|The third time out for indie pop's dance-lite cover perverts has Dubstar refining their cotton-candy, melodic smacks with a higher sense of carbonated cheerfulness that should please fans not expecting all that much. The good news is that Steve Hillier and Chris Wilkie turn down the more string-heavy arrangements of old and a newborn sound of crunching guitars and rough beats certainly helps resuscitate the band from "poor man's St. Etienne" injuries. The bad news is that the band still sounds like they never stopped obsessing over the pop charts of 1985. |
The opening triumvirate of "Take It," "I," and "The Self Same Thing" is a splendid return to form, full of escalating siren smirks and euphoric blasts of air. Yet the album quickly starts gasping for breath. Sarah Blackwood's overly coached voice takes center stage in a huge number of mid-tempo ballads that attempt to fiddle with pop star prancing and sexual come-ons with awful lyrics like, "I'm the one that you knew/Cos I'm no one/With a great set of moves/And I can move it with you." Worse, when the band tries to regain their opening rhythm, they sound like either a female-fronted, Stigmata-era EMF ("Arc of Fire") or Shampoo ("I'm Conscious of Myself"). To think Dubstar started their career covering the obscure end of the 4AD discography, too.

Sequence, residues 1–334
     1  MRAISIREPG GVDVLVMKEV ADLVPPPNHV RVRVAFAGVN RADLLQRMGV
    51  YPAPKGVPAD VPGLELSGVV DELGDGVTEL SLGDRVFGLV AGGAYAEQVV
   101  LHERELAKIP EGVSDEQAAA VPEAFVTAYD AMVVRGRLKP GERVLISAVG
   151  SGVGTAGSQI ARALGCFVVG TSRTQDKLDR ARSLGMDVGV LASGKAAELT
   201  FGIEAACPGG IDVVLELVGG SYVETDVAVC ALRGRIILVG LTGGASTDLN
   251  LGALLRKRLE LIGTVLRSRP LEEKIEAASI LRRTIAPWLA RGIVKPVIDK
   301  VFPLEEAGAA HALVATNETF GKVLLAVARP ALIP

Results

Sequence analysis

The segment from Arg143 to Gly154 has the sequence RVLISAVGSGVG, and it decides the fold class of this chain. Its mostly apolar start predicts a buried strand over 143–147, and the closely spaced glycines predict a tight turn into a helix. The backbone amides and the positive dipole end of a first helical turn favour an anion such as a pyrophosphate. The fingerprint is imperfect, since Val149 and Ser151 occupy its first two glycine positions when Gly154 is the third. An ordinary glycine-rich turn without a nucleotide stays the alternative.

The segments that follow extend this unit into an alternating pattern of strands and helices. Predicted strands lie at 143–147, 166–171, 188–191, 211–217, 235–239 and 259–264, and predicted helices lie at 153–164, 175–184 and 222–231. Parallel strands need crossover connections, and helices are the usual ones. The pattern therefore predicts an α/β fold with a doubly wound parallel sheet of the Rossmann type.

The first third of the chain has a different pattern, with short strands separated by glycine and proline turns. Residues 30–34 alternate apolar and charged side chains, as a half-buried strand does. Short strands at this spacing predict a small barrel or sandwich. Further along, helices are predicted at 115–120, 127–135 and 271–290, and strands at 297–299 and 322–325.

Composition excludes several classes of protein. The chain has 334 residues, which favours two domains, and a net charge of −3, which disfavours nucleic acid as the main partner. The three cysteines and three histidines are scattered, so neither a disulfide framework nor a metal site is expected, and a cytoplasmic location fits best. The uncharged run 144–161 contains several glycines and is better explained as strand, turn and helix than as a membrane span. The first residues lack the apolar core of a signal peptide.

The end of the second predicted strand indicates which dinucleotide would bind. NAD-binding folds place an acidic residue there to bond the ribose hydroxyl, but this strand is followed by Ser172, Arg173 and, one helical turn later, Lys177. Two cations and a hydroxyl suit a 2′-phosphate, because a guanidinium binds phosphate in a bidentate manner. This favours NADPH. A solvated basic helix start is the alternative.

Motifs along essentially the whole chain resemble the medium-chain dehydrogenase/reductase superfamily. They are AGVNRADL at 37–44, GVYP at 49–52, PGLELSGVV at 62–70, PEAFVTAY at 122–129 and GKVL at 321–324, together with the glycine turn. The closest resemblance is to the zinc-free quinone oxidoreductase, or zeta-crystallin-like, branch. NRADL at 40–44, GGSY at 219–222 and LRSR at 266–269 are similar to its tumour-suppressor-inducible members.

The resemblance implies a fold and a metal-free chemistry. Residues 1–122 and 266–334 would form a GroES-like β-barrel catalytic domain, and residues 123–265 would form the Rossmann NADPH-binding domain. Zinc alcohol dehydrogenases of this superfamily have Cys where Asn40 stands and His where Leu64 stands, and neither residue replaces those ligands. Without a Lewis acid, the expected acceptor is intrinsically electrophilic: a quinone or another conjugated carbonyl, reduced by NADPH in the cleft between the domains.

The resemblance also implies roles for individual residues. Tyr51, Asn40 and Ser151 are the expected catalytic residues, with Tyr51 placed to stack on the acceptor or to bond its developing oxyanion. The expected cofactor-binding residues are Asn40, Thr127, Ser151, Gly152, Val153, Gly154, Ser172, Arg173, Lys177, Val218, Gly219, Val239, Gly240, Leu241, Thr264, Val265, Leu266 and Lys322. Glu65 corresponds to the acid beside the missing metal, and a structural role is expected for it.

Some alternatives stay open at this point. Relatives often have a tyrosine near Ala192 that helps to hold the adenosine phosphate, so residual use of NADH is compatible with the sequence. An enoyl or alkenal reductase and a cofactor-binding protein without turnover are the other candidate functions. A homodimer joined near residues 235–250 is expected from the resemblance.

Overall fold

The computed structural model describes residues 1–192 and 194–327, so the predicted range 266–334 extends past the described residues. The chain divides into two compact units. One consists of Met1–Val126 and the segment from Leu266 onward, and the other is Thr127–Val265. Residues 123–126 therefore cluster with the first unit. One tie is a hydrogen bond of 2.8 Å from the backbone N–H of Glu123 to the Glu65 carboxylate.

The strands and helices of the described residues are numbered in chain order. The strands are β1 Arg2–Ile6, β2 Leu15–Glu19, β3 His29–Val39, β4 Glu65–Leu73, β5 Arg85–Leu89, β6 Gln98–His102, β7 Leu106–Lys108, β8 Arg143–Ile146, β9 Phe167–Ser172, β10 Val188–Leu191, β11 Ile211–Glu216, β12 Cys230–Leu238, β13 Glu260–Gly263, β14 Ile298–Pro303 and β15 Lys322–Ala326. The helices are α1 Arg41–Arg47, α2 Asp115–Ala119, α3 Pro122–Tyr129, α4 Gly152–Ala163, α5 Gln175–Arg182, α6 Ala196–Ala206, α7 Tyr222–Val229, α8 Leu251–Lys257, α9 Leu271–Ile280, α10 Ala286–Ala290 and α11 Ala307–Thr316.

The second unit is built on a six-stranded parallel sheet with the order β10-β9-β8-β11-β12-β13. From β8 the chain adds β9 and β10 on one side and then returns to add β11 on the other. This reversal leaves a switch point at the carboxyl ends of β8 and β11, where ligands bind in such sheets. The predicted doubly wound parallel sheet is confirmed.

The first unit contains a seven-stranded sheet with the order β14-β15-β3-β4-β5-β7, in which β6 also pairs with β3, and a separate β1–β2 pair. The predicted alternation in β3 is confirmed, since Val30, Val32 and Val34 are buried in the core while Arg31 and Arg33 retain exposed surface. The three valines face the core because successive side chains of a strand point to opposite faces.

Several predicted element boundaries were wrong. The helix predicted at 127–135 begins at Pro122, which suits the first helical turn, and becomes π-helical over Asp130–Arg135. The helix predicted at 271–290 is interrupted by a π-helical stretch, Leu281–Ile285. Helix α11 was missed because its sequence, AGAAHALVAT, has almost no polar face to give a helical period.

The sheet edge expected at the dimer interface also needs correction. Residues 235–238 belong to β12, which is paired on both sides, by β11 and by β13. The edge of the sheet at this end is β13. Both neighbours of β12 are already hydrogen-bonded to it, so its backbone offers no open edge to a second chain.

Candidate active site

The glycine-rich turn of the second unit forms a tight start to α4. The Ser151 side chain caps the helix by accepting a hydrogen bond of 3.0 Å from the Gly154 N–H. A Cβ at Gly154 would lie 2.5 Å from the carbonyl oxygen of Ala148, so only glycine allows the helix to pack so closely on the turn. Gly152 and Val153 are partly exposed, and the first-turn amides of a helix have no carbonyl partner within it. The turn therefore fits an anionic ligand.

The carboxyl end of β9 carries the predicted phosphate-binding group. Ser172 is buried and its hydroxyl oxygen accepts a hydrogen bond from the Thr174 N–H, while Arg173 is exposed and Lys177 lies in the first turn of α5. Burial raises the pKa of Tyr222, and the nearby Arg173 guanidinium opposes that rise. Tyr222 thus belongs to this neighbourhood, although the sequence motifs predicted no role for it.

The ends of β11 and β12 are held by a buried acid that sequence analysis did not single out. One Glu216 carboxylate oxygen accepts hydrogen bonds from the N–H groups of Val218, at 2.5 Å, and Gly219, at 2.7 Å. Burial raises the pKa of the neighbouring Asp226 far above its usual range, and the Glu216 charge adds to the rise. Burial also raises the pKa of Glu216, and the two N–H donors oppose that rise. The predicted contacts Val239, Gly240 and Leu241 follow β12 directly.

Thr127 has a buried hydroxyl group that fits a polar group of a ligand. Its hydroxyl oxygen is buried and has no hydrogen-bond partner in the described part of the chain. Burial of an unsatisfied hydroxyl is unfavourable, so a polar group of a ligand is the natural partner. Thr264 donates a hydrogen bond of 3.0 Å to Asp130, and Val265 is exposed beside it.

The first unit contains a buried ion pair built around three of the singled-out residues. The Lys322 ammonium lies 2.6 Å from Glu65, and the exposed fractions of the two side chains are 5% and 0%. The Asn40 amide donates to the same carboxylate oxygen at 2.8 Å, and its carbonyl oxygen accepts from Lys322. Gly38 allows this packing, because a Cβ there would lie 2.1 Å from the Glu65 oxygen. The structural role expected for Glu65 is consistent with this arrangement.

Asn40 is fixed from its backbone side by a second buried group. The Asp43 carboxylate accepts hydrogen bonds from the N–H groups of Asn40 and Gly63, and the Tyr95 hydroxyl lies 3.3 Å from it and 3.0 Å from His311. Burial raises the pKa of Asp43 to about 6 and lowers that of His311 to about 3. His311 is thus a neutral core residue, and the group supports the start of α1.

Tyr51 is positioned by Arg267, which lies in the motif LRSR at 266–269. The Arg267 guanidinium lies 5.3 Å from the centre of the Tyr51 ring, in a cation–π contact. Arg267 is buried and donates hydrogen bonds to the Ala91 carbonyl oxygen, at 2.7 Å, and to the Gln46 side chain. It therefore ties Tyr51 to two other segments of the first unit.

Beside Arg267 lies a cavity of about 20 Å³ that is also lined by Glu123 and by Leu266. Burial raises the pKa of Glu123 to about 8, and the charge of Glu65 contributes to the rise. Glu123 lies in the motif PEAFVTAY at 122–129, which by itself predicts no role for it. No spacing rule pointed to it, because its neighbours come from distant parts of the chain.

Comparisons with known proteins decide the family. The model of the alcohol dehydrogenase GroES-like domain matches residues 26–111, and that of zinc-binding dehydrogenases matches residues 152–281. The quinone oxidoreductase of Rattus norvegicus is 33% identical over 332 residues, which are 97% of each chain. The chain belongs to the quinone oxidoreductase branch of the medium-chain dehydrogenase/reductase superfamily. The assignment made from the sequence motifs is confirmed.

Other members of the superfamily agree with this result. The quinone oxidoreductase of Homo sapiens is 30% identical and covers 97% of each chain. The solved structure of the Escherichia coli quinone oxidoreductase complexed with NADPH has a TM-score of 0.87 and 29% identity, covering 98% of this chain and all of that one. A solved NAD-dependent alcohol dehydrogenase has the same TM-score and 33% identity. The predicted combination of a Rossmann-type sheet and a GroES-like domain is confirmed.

At any rate, Make It Better is half-cocked: with the energy and chart-aping bop of the best of indie perfectionists, but also with too much dead weight when it tries to actually say something. One can't even call this sugary indie dance anymore. For better or worse, Dubstar is now "Sweet & Low."
DUBSTAR - Make It Better